Tiigo School was established with the help of a non-governmental organisation. Its first enrolment was 21 pupils in grades one and two.

The headteacher says the low enrolment was partly due to the deep-rooted traditions. Now the school has gone against the norm – advocating education in a boarding setting, something the community never knew before and was reluctantly accepting.

The founders introduced boarding facilities to attract high enrolment and sustain the school. They heeded many calls to solve all the challenges faced by local children in their quest for education.

“It took a lot of public participation meetings with the communities’ governing councils and benchmarking against schools in Meru and Nairobi before we were fully accepted here,” Mr Denge says.

Exemplary results

It has since become one of the top-performing public primary schools in the county.

Mr Denge says that in the last two years that it has sat the Kenya Certificate of Primary Education (KCPE) examinations, it has posted exemplary performance. It garnered a mean score of 333 in 2022 from its 44 candidates and a mean of 354.96 from its 54 candidates in 2023.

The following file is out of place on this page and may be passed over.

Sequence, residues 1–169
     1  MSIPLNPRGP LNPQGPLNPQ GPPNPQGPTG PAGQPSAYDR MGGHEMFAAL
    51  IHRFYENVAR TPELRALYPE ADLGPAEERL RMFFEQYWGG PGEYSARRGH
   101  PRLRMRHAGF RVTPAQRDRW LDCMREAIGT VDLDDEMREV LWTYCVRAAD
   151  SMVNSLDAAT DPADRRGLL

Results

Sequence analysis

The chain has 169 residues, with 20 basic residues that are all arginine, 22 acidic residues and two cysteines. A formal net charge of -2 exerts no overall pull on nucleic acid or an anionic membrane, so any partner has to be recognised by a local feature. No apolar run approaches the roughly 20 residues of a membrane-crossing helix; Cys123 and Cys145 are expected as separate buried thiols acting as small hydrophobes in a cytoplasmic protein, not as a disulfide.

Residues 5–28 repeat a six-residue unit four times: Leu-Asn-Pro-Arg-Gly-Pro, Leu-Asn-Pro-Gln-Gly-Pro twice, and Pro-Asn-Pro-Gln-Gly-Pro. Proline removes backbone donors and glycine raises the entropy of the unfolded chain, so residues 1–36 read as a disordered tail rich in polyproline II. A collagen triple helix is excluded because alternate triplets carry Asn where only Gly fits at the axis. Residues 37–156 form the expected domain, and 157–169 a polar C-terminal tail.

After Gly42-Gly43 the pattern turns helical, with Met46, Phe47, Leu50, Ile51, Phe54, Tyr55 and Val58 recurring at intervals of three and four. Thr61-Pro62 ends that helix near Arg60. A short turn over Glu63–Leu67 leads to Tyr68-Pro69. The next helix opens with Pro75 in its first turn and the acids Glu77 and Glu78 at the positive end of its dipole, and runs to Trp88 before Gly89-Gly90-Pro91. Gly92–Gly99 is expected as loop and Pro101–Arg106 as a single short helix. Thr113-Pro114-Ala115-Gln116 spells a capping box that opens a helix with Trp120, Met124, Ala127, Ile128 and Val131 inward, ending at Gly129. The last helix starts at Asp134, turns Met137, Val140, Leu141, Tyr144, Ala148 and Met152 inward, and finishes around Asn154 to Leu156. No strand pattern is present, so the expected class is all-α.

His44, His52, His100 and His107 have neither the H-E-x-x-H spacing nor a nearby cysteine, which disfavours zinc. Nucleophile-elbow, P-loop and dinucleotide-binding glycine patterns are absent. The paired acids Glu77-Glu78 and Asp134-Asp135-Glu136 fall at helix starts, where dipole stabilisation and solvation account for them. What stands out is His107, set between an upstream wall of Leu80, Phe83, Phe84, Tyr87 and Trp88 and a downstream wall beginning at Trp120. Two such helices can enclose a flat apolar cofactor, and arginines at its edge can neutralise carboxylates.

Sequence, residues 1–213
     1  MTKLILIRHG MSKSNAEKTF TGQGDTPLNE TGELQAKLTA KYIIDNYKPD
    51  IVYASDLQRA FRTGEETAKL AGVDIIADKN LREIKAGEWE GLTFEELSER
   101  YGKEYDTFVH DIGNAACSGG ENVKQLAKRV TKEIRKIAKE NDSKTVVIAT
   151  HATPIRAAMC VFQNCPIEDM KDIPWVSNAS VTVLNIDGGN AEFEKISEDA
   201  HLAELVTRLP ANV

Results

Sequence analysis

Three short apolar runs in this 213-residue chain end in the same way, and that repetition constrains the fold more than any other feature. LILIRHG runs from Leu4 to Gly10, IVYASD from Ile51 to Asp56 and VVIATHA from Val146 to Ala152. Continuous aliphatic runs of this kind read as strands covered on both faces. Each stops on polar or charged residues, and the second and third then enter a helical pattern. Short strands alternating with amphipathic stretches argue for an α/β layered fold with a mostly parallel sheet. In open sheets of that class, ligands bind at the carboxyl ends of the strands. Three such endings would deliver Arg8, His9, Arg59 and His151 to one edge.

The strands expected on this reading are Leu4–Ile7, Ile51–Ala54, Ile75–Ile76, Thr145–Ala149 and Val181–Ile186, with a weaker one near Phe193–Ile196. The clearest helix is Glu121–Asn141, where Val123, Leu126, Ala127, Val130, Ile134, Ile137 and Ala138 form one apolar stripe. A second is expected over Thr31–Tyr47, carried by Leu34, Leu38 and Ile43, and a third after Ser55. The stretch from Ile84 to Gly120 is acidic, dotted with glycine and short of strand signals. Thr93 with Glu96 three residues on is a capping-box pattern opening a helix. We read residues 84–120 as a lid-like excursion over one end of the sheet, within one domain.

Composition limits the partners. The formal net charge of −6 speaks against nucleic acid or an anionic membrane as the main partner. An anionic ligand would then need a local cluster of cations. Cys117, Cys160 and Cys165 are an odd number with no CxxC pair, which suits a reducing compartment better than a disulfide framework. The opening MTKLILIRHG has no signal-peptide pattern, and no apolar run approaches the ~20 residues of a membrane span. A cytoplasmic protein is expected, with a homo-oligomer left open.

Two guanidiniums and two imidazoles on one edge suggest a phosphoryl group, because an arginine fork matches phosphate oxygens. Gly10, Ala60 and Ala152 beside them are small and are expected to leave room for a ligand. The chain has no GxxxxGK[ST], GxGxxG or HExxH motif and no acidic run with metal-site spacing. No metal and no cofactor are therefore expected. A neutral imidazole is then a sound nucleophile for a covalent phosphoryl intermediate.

“Because of our exemplary performance, we have since got a lot of admission requests from parents seeking to transfer their children from other schools, although our focus remains educating pastoral children and that is why we give them the priority,” he says, adding that the decision has also been informed by their limited accommodation facilities.

Running a boarding school tailored to the needs of the nomadic community is challenging, Mr Denge admits, as a significant number of children suffer malnutrition.

In response to the situation, which if left unchecked would be disastrous, the school introduced a nutrition programme to address such health concerns before transitioning new pupils to their dietary routine.

“A pupil can take weeks or several months in the programme, only ingesting soft foods depending on the severity of their health,” he says.

But that’s not the only challenge. The parents are always on the move with their animals when looking for water and pasture, hence organising meetings with parents is a considerable challenge.

Mr Denge says many parents trek or depend on animal transport, and often cover long distances to participate.